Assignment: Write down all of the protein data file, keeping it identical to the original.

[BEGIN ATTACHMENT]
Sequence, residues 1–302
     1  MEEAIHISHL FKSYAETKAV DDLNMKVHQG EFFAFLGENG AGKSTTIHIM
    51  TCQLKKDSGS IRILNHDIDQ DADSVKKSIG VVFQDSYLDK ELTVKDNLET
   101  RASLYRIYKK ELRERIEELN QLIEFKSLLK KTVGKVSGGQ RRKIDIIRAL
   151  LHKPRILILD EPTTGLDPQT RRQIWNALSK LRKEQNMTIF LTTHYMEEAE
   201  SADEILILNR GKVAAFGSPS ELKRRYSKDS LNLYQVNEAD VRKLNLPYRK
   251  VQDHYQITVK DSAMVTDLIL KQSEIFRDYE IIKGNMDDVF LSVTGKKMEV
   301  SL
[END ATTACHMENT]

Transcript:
Sequence, residues 1–302
     1  MEEAIHISHL FKSYAETKAV DDLNMKVHQG EFFAFLGENG AGKSTTIHIM
    51  TCQLKKDSGS IRILNHDIDQ DADSVKKSIG VVFQDSYLDK ELTVKDNLET
   101  RASLYRIYKK ELRERIEELN QLIEFKSLLK KTVGKVSGGQ RRKIDIIRAL
   151  LHKPRILILD EPTTGLDPQT RRQIWNALSK LRKEQNMTIF LTTHYMEEAE
   201  SADEILILNR GKVAAFGSPS ELKRRYSKDS LNLYQVNEAD VRKLNLPYRK
   251  VQDHYQITVK DSAMVTDLIL KQSEIFRDYE IIKGNMDDVF LSVTGKKMEV
   301  SL